Three same-sex couples and one widow filed a class-action lawsuit Tuesday seeking to overturn Georgia’s constitutional amendment that defines marriage as an institution between one man and one woman.
The federal challenge marks a significant step for gay families living in the Peach State, where voters overwhelmingly approved a 2004 ban on same-sex nuptials. But it also leaves in place just four similar bans entirely untouched by legal battles. Of the 33 states that prohibit gay couples from marrying, Alaska, Montana, North Dakota, and South Dakota are the only ones left without a marriage equality lawsuit pending in either state or federal court.
“We thought it was really important to build on the momentum we’ve seen since Windsor,” said Tara Borelli, senior attorney at Lambda Legal, which is representing the Georgia plaintiffs. “Since that time, 11 out of 11 federal courts have ruled on the side of marriage equality for same-sex couples. It’s time to bring marriage equality to Georgia.”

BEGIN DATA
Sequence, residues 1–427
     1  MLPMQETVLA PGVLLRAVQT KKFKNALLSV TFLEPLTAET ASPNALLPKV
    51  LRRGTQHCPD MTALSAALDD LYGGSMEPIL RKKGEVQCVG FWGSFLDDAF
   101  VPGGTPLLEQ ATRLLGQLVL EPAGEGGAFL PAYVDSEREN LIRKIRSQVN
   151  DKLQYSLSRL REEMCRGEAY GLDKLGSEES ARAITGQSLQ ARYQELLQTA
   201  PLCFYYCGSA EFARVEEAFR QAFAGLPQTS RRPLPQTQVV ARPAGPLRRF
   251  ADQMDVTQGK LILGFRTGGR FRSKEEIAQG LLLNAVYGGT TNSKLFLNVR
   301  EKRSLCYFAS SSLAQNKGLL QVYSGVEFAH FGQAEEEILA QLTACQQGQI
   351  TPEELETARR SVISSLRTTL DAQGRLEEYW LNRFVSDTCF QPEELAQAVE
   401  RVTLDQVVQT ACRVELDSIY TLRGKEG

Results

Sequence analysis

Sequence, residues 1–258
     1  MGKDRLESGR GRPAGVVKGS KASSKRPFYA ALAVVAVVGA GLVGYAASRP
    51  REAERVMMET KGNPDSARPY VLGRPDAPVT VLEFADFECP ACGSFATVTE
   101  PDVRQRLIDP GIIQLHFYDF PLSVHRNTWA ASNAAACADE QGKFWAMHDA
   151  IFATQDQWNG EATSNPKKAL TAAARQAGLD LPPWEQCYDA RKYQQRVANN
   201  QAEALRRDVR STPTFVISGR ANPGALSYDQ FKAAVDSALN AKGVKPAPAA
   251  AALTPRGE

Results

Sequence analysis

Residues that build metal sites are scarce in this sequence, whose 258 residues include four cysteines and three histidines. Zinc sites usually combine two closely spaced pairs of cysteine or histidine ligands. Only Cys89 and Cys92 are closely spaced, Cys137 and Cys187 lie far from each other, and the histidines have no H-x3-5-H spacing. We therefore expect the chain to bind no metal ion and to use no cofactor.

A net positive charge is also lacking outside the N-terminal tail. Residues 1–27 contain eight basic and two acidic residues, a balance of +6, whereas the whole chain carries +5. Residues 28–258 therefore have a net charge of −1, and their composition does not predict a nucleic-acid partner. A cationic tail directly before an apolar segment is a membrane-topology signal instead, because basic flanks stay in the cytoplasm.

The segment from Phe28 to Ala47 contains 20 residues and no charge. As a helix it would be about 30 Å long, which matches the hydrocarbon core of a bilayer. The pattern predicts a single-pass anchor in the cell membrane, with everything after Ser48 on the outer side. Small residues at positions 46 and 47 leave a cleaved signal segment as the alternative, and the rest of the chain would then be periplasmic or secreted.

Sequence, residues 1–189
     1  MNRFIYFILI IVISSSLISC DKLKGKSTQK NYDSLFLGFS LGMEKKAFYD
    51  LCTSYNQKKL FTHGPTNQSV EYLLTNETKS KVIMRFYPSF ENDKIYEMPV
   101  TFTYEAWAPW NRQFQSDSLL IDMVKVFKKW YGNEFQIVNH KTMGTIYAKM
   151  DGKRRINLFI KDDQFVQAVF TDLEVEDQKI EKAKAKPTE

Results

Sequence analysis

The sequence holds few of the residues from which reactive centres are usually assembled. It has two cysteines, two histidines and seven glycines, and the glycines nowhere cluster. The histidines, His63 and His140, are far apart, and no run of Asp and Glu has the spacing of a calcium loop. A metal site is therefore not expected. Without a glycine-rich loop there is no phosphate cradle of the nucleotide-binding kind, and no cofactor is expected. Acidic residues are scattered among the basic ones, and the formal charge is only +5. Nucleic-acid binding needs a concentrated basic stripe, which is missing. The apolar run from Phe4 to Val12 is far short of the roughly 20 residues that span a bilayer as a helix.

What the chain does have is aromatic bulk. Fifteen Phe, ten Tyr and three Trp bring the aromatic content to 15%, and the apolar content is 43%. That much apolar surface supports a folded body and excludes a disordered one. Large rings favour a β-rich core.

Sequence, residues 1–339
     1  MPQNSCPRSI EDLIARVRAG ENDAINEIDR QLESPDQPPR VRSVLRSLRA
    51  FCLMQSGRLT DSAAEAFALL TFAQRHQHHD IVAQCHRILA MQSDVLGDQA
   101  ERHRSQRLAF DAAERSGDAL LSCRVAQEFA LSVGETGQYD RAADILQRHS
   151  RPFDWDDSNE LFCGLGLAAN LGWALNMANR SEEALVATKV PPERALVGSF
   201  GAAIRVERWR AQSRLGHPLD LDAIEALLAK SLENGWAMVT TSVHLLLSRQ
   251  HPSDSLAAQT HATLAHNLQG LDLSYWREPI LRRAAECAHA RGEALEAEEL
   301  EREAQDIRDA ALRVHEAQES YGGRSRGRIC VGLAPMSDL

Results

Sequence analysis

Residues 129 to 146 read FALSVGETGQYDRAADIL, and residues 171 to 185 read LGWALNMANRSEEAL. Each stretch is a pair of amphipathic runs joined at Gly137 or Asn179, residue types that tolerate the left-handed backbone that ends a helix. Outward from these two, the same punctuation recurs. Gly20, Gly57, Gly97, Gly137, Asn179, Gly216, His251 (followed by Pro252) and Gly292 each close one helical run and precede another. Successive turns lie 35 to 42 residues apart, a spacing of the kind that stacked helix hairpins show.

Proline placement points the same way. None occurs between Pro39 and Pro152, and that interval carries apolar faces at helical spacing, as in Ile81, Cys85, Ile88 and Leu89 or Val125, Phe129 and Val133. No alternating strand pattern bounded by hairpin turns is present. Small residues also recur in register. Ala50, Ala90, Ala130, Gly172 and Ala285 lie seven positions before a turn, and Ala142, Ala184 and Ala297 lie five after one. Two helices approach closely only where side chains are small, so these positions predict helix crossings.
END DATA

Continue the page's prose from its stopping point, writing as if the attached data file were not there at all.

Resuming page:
In United States v. Windsor, the nation’s highest court gutted a federal law that defined marriage as an institution between one man and one woman, finding that it violated the basic equality and human dignity of gay people. In fact, Justice Kennedy used the word “dignity” 11 times in his 23-page opinion for the majority. No argument for prohibiting gay couples from marrying has survived in state or federal court since.
“It’s helpful to build on earlier successes, including a number of neighbors in the South – like Virginia, Texas, Tennessee, and Kentucky,” said Borelli. “Put all together, [these decisions] make an overwhelming case on the side of marriage equality for same-sex couples.”
Building off the Windsor ruling and the lawsuits it inspired, the Georgia complaint argues that there is no adequate justification for treating same-sex couples differently, and that the state’s ban violates gay people’s fundamental right to marry. It too uses the word “dignity” several times.“We need the protection that marriage affords,” said Christopher Inniss, one of the plaintiffs, to The Atlanta Journal-Constitution. “We own a home together, we own a business together and we are raising our son, Jonathan, together,” he said of his partner, Shelton Stroman. “We have done everything we can to protect and take responsibility for our family but marriage is the only way to ensure that we are treated as the family that we are.”
The seven plaintiffs are suing the state registrar, a clerk of the Gwinnett County Probate Court and a Fulton County Probate Court judge in their official capacities. Attorney General Sam Olens is planning to defend Georgia’s marriage law, his spokesperson has said.